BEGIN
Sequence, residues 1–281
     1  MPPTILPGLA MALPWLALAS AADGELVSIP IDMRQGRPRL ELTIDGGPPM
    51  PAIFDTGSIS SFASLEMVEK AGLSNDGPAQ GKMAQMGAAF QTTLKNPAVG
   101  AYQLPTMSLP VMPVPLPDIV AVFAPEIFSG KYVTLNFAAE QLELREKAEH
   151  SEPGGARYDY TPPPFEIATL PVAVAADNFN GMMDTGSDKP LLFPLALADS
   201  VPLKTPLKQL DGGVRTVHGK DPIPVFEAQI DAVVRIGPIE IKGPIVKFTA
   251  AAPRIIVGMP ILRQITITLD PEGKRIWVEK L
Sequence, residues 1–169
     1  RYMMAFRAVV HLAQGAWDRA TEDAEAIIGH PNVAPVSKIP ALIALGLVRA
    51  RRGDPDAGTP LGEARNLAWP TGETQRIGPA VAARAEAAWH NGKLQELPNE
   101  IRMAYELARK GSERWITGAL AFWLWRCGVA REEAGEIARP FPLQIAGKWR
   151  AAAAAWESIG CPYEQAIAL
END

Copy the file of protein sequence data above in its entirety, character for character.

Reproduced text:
Sequence, residues 1–281
     1  MPPTILPGLA MALPWLALAS AADGELVSIP IDMRQGRPRL ELTIDGGPPM
    51  PAIFDTGSIS SFASLEMVEK AGLSNDGPAQ GKMAQMGAAF QTTLKNPAVG
   101  AYQLPTMSLP VMPVPLPDIV AVFAPEIFSG KYVTLNFAAE QLELREKAEH
   151  SEPGGARYDY TPPPFEIATL PVAVAADNFN GMMDTGSDKP LLFPLALADS
   201  VPLKTPLKQL DGGVRTVHGK DPIPVFEAQI DAVVRIGPIE IKGPIVKFTA
   251  AAPRIIVGMP ILRQITITLD PEGKRIWVEK L
Sequence, residues 1–169
     1  RYMMAFRAVV HLAQGAWDRA TEDAEAIIGH PNVAPVSKIP ALIALGLVRA
    51  RRGDPDAGTP LGEARNLAWP TGETQRIGPA VAARAEAAWH NGKLQELPNE
   101  IRMAYELARK GSERWITGAL AFWLWRCGVA REEAGEIARP FPLQIAGKWR
   151  AAAAAWESIG CPYEQAIAL